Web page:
To talk about the next recession feels bizarre.

For many people, we are barely out of the last recession and yet the numbers say that if the economy continues to grow as expected at over 2% this year and the next, by 2018 we will have “enjoyed” the longest period of expansion in the last century.

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The problem is, expansion has been weak. Between 1992 and 2000 the U.S. economy grew at 3.8%. Between 2010 and 2018 it is predicted by the Economist Intelligence Unit (EIU) to grow by only 2.4%. Part of the reason appears to be a collapse in productivity growth, of which we aim to pen another article shortly.

Not Keeping Up

For now, though, the EIU reports that although the U.S. in particular has continued to create excellent job creation numbers and is maintaining low but positive inflation, much of the developed world has failed to stimulate domestic demand. As growth has slowed in the emerging markets even export dependent economies like Germany have found growth prospects limited by slowing overseas demand.

Source EIU

Source: Economist Intelligence Unit

Of course, the flip side of a near-record-breaking run of expansion is the certainty that, sooner or later, it will come to an end. The U.S. has gone through 11 downturns since 1945, lasting an average of 11 months each but ranging from six (1980) to18 (2007-2009).

Expansions vs. Contractions

Expansions, by comparison, last for an average of just under five years. Helped by plenty of slack in the economy, low interest rates and low inflation, the EIU expects the current expansion to last for another 3-4 years.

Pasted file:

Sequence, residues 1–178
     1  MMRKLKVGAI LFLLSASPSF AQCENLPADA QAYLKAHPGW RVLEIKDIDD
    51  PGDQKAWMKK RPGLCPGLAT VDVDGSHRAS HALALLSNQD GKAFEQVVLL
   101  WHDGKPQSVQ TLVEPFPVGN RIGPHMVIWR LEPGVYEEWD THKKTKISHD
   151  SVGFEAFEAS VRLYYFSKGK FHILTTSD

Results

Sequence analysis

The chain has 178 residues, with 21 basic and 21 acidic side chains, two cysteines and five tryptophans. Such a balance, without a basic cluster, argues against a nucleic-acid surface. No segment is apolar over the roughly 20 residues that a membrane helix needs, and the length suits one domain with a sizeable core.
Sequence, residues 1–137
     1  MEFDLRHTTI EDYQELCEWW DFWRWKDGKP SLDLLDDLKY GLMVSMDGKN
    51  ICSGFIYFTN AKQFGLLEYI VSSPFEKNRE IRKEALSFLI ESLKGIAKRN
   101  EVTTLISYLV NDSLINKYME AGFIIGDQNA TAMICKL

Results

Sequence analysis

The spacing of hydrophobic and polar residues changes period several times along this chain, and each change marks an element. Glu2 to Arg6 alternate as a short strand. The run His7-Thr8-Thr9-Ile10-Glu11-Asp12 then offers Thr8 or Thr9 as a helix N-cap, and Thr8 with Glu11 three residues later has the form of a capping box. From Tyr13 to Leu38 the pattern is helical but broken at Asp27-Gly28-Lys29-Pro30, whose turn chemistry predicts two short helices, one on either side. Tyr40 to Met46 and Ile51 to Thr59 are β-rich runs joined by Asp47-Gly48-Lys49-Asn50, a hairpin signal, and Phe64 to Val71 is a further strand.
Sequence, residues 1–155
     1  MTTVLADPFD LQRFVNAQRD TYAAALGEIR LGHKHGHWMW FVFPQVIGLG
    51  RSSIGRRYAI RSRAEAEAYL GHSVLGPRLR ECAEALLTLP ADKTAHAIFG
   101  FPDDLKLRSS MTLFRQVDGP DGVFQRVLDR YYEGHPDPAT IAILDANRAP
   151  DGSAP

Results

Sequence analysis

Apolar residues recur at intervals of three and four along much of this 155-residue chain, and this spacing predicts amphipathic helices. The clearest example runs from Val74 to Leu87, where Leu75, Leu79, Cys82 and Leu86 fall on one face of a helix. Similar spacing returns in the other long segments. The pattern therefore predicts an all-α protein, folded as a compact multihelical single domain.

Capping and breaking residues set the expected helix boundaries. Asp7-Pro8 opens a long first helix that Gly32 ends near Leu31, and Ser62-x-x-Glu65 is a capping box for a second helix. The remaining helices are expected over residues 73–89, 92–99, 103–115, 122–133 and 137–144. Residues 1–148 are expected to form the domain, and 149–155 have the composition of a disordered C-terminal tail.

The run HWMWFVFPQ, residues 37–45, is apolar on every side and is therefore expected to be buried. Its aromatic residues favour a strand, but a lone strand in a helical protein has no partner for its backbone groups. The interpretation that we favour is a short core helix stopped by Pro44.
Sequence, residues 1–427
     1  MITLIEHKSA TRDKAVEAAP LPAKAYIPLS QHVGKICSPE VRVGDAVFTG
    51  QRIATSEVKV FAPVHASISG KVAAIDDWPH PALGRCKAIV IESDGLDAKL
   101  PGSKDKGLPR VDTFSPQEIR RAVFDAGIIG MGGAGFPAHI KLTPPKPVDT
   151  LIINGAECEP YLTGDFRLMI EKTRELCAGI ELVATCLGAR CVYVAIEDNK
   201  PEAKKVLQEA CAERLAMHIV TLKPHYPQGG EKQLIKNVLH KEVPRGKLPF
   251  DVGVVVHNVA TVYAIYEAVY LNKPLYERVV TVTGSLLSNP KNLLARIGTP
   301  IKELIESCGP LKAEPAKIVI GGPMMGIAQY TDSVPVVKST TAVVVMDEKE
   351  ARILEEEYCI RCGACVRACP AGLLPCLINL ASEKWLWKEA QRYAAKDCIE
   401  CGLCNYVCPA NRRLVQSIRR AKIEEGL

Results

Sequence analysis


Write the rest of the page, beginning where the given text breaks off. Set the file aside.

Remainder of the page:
But, and here is the point, the EIU expects the U.S. to overheat by 2018 by which time unemployment will be 5%, inflation will be 2.5% and the Federal Reserve will have tightened considerably as inflation begins to finally rear its head. Not that an external shock could not precipitate a recession beforehand — Europe has considerable potential to do just that and so does a hard landing in China — but on the balance of probabilities the EIU expects the next recession will be short, relatively benign, and home grown.

Source EIU

Source: EIU

In the meantime, we can expect continued and considerable volatility. As we have seen in just the first four months of this year, the markets have lurched from doom to euphoria, prompted by fears of a Chinese slowdown and then excitement at China’s stimulus. China cannot continue to stimulate itself out of slow growth. Every cycle adds debt and unproductive investment but, in the short term, the rush of demand raises metal and commodity prices.

Oil Impact

Interestingly, the EIU does not expect crude oil prices to bounce back to pre‑2014 levels in the next five years, as modest demand growth will fail to catch up with resilient supply. Despite a dip in U.S. production in 2016, global crude supply will expand further, the report states, on the back of continued output growth from OPEC and, to a lesser extent, Russia.

Free Download: The April 2016 MMI Report

Combined with moderating demand growth, this points towards only a gradual increase in prices. The firm believes industrial metals prices will recover slowly in the remainder of the decade as capacity restrictions are too limited to tighten the supply market in the face of slow demand growth.